While sexual discrimination in the California workplace may sometimes be difficult to prove, that doesn’t make it less of an issue. Typically, sexual harassment takes the form of lewd comments or inappropriate behavior that create a work environment so hostile that the employee is no longer able to perform his or her job. There are different types of sexual harassment in the workplace, though, and all of them are illegal.

One type occurs when a supervisor or employer requests or expects sexual favors from an employee in exchange for a pay raise or a promotion. Likewise, the supervisor might demand a sexual relationship and threaten retaliation or even dismissal if the expectations are not met. This type of harassment has traditionally been referred to as quid pro quo harassment.

Hostile work environment harassment, on the other hand, occurs when sexual images, language or threats are present in the workplace. This can take the form of sexual intimidation, but even offensive jokes can be considered harassment if they are inappropriate and frequent enough. If the unsuitable sexualized conduct occurs on a frequent enough basis that one or more employees feel threatened or distraught, this may still constitute sexual harassment.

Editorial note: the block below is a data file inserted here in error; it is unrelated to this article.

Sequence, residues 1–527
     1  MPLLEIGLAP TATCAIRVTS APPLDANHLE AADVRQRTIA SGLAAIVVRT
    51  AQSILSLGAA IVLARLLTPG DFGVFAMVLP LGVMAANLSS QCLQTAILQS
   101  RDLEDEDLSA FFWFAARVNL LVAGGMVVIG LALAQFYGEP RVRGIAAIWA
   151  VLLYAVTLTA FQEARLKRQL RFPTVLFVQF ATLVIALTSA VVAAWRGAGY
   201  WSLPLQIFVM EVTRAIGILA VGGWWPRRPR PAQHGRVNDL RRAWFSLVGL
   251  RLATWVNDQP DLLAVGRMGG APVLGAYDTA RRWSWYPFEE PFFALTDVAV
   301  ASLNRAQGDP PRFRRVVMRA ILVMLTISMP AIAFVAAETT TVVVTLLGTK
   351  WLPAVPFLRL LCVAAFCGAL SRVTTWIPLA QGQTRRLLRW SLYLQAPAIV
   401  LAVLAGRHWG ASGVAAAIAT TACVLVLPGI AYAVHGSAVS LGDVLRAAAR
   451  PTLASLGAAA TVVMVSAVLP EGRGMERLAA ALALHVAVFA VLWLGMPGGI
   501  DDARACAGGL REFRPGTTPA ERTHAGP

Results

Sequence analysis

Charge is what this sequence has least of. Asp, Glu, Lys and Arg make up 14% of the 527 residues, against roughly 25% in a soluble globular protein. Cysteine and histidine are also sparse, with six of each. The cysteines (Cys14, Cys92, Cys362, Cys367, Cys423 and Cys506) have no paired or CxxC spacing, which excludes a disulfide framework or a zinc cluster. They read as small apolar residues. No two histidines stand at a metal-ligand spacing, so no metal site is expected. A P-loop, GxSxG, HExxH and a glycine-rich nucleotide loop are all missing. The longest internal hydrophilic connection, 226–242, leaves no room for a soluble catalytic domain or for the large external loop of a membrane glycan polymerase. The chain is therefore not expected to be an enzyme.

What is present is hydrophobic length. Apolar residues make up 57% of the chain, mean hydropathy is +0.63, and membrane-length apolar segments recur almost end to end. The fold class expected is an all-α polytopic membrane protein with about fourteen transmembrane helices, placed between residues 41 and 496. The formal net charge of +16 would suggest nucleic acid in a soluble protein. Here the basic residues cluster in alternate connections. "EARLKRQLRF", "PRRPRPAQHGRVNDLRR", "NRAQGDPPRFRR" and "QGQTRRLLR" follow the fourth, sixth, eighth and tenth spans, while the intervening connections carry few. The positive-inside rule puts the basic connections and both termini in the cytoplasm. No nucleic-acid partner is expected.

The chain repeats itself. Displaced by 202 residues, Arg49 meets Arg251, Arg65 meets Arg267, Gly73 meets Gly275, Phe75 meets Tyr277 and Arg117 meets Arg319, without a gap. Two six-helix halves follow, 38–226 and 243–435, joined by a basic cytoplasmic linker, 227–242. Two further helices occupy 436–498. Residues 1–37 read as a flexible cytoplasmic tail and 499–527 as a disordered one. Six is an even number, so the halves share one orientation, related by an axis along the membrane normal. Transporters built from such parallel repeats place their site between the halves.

When someone in California is a victim of sexual harassment in the workplace, legal recourse is available. If the victim has already clearly stated that the behavior is offensive and must be stopped, and the demands are ignored, there are typically procedures in the workplace for pursuing a sexual harassment claim. In the case that no such policies or procedures exist, the next step would be to discuss the issue with a supervisor. If the individual has gone through the proper company channels to address any sexual harassment and the issue has not been resolved, the worker has every right to contact an attorney, who will be able to offer advice on how best to proceed.

Source: FindLaw, “Sexual Harassment“, Accessed on Feb. 13, 2017